On Wednesday night, something is going to happen that hasn’t happened in 233 days — setting a new record for the City of Boise.
Forecasters with the National Weather Service predict temperatures in Boise at or below freezing Wednesday night into Thursday. The last time Boise had a temperatures that low was March 28 — 233 days ago. That not only breaks the previous record of 207 days, it shatters it by more than three weeks.
The Farmer’s Almanac says Boise’s average growing season is 148 days, which means this year’s growing season — the time between the last frost of spring and the first frost of fall — was nearly three months longer than average. To put that into perspective, Tallahassee, Fla. has an average growing season of 239 days, only one week longer than Boise’s in 2016.
What’s more, four of Boise’s five longest growing seasons are from 2005 or later, according to data from the National Weather Service in Boise.
- 233 Days — 2016
- 207 Days — 2005
- 201 Days — 2015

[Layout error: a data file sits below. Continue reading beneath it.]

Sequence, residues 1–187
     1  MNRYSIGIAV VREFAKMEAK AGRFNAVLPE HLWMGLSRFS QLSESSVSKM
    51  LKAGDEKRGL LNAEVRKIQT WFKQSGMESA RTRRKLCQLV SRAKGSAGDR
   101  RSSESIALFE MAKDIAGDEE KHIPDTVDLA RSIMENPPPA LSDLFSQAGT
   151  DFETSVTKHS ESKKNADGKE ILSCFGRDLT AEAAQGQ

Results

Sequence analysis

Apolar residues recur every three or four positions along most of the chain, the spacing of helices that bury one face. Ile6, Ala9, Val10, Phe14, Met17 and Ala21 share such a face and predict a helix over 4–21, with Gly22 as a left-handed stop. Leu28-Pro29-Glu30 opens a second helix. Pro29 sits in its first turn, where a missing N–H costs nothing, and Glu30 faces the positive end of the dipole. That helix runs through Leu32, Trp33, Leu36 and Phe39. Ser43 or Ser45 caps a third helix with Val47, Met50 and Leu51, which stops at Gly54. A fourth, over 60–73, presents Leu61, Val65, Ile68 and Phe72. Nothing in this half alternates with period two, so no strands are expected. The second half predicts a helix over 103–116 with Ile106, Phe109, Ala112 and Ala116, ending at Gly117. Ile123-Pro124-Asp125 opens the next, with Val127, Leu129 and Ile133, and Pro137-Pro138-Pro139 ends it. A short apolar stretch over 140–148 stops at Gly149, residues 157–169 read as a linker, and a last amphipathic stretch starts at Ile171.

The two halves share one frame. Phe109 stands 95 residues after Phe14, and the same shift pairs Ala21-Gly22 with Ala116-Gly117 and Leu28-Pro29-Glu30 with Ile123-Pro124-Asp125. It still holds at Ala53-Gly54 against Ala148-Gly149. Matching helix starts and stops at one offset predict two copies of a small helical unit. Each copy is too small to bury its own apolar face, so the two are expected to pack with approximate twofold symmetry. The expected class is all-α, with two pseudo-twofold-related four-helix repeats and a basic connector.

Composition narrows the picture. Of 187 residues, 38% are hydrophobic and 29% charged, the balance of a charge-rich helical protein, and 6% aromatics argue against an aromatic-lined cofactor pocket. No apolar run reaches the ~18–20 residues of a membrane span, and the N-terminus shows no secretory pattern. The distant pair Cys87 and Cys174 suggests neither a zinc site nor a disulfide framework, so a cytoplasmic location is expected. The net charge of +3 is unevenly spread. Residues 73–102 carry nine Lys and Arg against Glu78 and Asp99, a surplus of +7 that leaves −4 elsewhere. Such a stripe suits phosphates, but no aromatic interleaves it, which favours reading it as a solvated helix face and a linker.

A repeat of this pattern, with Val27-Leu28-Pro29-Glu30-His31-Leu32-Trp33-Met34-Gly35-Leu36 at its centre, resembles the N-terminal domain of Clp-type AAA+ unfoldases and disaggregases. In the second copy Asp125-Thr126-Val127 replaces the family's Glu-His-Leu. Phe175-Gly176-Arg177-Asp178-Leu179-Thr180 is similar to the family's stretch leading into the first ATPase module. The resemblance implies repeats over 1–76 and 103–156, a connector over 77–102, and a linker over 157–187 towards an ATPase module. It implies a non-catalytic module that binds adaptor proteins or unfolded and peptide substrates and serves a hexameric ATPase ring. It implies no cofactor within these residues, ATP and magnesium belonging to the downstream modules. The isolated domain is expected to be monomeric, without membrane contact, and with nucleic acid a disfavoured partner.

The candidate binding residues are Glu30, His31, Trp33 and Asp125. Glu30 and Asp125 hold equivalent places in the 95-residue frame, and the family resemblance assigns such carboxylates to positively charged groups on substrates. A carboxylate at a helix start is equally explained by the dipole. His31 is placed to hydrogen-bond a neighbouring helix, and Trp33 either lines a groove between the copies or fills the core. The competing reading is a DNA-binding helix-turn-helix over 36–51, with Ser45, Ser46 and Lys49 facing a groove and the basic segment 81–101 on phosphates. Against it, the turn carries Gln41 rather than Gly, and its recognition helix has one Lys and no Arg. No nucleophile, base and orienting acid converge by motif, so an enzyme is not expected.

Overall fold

- 200 Days — 2014
- 198 Days — 1936
We all know a single weather event such as a hot day isn’t irrefutable evidence of climate change, but long-term trends can provide us compelling evidence. The length of our growing season is another in a long list of statistics that point to what an overwhelming number of climate scientists are telling us: the planet is getting warmer and human activity is causing it.
In Idaho, we already see longer fire seasons producing hefty fire bills for federal land managers. Spring runoff is trending earlier, making it difficult for river managers to manage flows for irrigation, recreation and fisheries.
This isn’t an issue of the right or the left. This is an issue of urgency. At CVI we believe it is our responsibility to pass on a better world to future generations. It’s a responsibility we take very seriously.
We can do this through policies that reduce the emission of greenhouse gasses through the use of alternative and renewable energy sources. We can also reduce energy consumption through innovation, urban planning and investment in mass transit and non-motorized infrastructure.
The solutions are at our fingertips. Now it requires political action to make it happen.
If you agree that we need to do something. Join us. Sign up for our email updates. From there, donate. Finally, jump aboard and volunteer with us.
There’s a lot of work to be done. We’re looking forward to doing it.